The Burma junta's censorship board director Tint Swe said that the new parliamentary government would relax the current
press censorship policy in accordance with the new Constitution, the Flower News Journal reported.
' The first step will be made on the day the new government takes office. But, as a result of the freedom of the press, the publications need to take responsibility, the journal quoted Tint Swe as saying.
Tint Swe also said that publishers and journalists of most journals and magazines will not need to pass articles through the censor board prior to publication.
... HOWEVER ... the new policy only applies to publications focusing on sport, entertainment, general knowledge, health, children's literature, the supernatural and technology. Publications which print articles about politics, business and
news will still need to pass articles through the censorship board prior to publication.
Books and journals that have already been published will need to go via the censor board after publication. Printing houses and publishers must also be licensed by the state.
Burma's draconian censorship board, the Press Scrutiny and Registration Division (PSRD), has issued a warning to several Rangoon-based journals not to try to take advantage of the PSRD's new post-publishing censorship regulation.
Editors at several weekly journals have been ordered to sign statements promising not to violate press regulations either in print or in photography. At least six journal signed the pledge the first day, said a Rangoon-based sports journal
Beginning on June 10, publishers were permitted to run stories on sports, entertainment, technology, health and children's literature without PSRD approval. However, they were instructed that they still have to follow rules protecting the Three
National Causes ---the basic principles espoused by Burma's military rulers---and avoid any writing that damages state instability.
Myanmar has loosened press censorship on business and crime publications, local media reported.
A total of 54 journals, magazines and books will no longer have to submit their content to censors before publication, according to a report in the Myanmar Times, after changes introduced on December 9.
News media will continue to be subject to pre-publication censorship.
Does anyone else feel that television censorship has become very annoying these days?
I can understand when they blur the image of a cigarette, a gun or a knife when someone is holding it. But football highlights? Since there is often a beer commercial sign behind the goal, the image is blurred and you can't
see how and when the ball went in, or how the goalkeeper reacted.
In one cooking show they even blurred a knife when the chef was scoring a fish or slicing spare ribs. Cooking wine bottles are also blurred.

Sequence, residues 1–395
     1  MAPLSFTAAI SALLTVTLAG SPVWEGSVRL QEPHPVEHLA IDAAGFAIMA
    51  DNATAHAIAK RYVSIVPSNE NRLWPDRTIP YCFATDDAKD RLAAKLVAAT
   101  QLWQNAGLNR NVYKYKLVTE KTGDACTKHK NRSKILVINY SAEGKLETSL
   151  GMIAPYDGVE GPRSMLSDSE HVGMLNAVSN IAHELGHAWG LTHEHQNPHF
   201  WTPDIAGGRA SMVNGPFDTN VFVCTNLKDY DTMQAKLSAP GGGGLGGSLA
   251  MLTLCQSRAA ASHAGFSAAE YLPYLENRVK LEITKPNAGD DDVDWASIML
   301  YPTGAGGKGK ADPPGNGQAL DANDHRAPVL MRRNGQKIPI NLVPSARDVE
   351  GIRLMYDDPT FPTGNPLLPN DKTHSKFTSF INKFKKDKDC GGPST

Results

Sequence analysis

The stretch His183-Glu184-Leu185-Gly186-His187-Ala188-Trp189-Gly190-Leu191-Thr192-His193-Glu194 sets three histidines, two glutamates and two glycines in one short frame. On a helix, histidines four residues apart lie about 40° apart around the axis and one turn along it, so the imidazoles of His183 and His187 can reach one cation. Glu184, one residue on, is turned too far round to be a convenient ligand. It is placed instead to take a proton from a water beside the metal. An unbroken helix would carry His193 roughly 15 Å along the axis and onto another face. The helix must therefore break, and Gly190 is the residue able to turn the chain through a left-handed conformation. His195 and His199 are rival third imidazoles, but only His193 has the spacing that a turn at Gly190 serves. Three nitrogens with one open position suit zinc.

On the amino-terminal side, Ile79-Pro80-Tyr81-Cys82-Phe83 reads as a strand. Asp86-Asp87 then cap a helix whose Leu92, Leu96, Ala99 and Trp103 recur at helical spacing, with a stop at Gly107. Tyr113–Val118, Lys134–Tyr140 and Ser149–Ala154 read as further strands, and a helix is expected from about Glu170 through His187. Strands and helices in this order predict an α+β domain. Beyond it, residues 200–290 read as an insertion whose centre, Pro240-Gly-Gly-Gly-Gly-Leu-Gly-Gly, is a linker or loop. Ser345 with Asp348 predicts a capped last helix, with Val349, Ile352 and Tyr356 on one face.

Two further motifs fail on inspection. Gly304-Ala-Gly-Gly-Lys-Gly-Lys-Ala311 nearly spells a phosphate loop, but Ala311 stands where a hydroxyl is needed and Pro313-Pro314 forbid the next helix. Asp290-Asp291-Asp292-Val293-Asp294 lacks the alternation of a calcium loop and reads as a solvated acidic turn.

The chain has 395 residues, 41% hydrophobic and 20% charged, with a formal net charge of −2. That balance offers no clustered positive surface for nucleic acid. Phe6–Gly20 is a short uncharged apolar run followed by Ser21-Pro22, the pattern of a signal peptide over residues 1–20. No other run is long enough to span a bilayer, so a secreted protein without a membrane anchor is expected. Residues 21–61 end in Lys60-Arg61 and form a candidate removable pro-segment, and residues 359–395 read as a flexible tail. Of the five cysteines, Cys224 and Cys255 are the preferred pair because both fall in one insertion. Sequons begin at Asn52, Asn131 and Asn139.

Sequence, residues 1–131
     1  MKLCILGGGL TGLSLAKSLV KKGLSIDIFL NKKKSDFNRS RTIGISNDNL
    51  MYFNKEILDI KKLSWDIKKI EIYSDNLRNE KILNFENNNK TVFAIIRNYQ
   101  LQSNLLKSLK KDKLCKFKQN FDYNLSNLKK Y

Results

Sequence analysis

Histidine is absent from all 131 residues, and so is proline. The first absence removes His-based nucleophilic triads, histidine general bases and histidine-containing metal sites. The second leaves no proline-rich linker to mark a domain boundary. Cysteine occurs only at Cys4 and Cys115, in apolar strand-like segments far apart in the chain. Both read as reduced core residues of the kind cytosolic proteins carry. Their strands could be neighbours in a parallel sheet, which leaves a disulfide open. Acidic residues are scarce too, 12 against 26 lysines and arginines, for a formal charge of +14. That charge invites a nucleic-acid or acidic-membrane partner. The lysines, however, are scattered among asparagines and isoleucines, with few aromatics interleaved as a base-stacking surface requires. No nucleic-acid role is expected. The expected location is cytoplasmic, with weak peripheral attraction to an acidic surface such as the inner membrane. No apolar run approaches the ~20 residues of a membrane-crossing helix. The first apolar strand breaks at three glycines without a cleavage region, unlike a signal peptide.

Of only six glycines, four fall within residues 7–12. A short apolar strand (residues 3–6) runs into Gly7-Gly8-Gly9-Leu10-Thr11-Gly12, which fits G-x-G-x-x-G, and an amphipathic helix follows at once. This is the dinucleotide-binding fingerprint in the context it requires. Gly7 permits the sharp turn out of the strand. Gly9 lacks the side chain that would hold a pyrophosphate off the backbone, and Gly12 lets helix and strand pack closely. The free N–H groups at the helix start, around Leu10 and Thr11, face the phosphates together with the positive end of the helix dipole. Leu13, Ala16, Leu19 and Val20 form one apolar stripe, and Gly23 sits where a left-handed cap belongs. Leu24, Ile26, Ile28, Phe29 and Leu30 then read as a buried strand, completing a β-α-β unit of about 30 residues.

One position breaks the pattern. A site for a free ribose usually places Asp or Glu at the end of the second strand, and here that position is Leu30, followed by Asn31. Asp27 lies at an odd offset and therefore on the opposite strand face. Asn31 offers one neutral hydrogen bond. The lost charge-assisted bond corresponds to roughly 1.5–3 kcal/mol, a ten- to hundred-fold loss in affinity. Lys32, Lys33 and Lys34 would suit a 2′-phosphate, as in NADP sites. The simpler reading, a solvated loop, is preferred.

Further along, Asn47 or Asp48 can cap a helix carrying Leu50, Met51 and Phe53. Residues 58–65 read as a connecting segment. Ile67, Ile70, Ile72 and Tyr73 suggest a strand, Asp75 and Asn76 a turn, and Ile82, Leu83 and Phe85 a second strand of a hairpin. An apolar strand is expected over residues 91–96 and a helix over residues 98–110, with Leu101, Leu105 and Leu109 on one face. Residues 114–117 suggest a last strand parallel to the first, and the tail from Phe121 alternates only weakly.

In a show about dairy farming, you guessed it, they blurred the cows' nipples!
But when it comes to night-time melodramas, you are allowed to watch eye-gouging, cursing, women pulling each other's hair and slapping each other back and forth. Whack! Whack! Whack! On some evening news programmes, they
don't hesitate to show the corpses of flood victims or a murdered person whose body has been mutilated and beheaded.
Despite being Thai, sometimes I get frustrated trying to make sense out of this stuff.
China won't be getting the new Bill & Ted movie when it comes out, thanks to a decision by the General Bureau of Radio,
Film and Television to ban any further movies or TV show about time travel.
Chinese viewers have been enjoying successful TV shows like Shen Hua (Myth) , which involves a teenager travelling back 2,000 years and hooking up with prominent historical figures like Xiang Yu (a Qin Dynasty military general).
However the Chinese censors claim that these types of shows distort history for the sake of entertainment. ChinaHush reports that the decision to ban time-travel as a theme was made rather suspiciously on the 1st April, with the Bureau then
releasing this statement: The time-travel drama is becoming a hot theme for TV and films. But its content and the exaggerated performance style are questionable. Many stories are totally made-up and are made to strain for an effect of novelty.
The producers and writers are treating the serious history in a frivolous way, which should by no means be encouraged anymore.
It may surprise you to know that Japan, home to hentai, tentacle porn and bukakke, has had strict laws censoring its pornographic
films for decades. In spite of easy access to uncensored images, thanks to the Internet, usage of the ubiquitous mosaic to blur images of genitals still persists. Japan is the 5th largest producer of pornography in the world. In 2010, the revenue
from the Japanese pornography industry was almost equal to the revenue from the video game industry, no mean feat for a country that consumes video games at a fantastic rate.
So why is it, then, that Japanese pornography is censored? Surely, all the people paying hard cash for pornography want to see the sexy bits that are covered by mosaic censoring? And if some part of the sexual act is objectionable, why not censor
the whole screen instead of a tiny patch? Why is filmed Japanese pornography censored today, and what brought about the practice of censorship in the first place?